The Pokémon trading-card craze is at the center of much of the controversy. Colm McNiallais, 11, of New York City is a good guide to the frenzy. Walking past kids looking to trade, he says, "We don't want them. They cheat." He gravitates toward others who have brought out binders filled with hundreds of cards. A dangerous thing, he says. Some of the stuff is rare, and who knows what other kids will do to get it. Colm has only the cards he is willing to trade. "Hey, you have a Magnemite!" someone squeals. "Oh, I need that Drowzee," says someone else. "Look at these holographic ones." The presence of an elusive Dragonite provokes gasps.
Some behavior has been delinquent. A six-year-old logged on to a Pokémon website and printed counterfeit copies of the cards to trade with gullible schoolmates. Other behavior can be criminal. Last week a nine-year-old boy on New York's Long Island stabbed an older schoolmate in a dispute over cards. A principal explained why her school, like many others, is banning Pokémon cards: "Children who don't have Pokémon cards feel left out. When children bring the cards into the lunchroom, they often spend time looking at the cards instead of eating lunch." A group of parents in New Jersey has sued the trading-card manufacturer for intentionally making some cards scarce to force children into buying more and more packs. "Racketeering!" the parents cry.
In other words, it's not the violent imagery that scares parents--they've lived with and tolerated intimations of horror for generations. In Grimm's Fairy Tales, what does the wolf do to Red Riding Hood's granny or the witch plan to do to Hansel? When kids collect dinosaurs, parents, blinded by science, simply shrug when their children yell in the museum, "Look, mom, that allosaurus is eating the brachiosaur's baby!" After that, what can be objectionable about the too-cute-to-live Pokémon named Jigglypuff, a ball of fluff whose greatest power--not to be scoffed at--is a stupefying lullaby?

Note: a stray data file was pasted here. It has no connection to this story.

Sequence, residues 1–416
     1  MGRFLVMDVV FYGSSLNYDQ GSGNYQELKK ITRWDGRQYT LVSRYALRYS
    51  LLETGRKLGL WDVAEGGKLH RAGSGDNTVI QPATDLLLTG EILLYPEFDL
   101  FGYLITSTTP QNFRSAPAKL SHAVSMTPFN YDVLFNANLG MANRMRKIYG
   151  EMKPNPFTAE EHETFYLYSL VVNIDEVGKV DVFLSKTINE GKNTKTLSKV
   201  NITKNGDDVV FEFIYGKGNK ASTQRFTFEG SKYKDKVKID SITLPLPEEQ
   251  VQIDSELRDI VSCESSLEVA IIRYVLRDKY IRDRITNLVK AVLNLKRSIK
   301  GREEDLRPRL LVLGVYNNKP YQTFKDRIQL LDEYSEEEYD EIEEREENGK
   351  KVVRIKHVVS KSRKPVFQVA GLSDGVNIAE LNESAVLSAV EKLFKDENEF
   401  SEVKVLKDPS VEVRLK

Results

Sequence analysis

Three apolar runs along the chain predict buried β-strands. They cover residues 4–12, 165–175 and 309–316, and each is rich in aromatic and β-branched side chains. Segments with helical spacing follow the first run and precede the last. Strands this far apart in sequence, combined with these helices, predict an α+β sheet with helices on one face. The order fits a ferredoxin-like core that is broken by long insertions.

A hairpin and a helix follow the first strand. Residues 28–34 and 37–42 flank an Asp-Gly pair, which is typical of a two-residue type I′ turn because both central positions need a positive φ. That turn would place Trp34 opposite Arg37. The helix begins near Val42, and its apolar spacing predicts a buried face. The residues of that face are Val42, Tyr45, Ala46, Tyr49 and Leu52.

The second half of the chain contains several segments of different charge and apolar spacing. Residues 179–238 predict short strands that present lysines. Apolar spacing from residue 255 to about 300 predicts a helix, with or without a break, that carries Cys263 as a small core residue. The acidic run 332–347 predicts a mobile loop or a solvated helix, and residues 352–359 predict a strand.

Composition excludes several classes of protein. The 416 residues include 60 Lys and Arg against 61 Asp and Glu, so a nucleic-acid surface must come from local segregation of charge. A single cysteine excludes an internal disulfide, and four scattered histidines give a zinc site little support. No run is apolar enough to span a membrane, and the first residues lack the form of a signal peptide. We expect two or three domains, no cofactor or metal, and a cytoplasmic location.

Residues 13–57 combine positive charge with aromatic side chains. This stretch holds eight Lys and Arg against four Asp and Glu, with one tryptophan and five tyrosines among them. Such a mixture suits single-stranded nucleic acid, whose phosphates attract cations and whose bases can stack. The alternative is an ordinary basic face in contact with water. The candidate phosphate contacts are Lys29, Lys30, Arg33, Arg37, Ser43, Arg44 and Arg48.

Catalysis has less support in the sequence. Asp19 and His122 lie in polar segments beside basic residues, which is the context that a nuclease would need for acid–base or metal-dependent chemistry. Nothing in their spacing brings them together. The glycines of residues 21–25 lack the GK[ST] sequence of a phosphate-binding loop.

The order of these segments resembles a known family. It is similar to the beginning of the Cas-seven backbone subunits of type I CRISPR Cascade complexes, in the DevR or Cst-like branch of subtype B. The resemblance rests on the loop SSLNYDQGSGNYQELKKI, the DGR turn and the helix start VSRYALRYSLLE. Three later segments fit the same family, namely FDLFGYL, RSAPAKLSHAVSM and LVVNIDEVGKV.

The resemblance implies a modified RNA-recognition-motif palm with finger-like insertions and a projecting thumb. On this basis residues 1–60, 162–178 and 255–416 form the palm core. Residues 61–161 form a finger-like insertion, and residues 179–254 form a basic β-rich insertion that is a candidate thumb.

But there is a problem: the key principle of the Pokéocracy is acquisitiveness. The more Pokémon you have, the greater power you possess (the slogan is gotta catch 'em all). And never underestimate a child's ability to master the Pokéarcana required to accumulate such power: the ease with which they slip into cunning and thuggery can stun a mergers-and-acquisitions lawyer. Grownups aren't ready for their little innocents to be so precociously cutthroat. Is Pokémon payback for our get-rich-quick era--with our offspring led away like lemmings by Pied Poké-Pipers of greed? Or is there something inherent in childhood that Pokémonia simply reflects?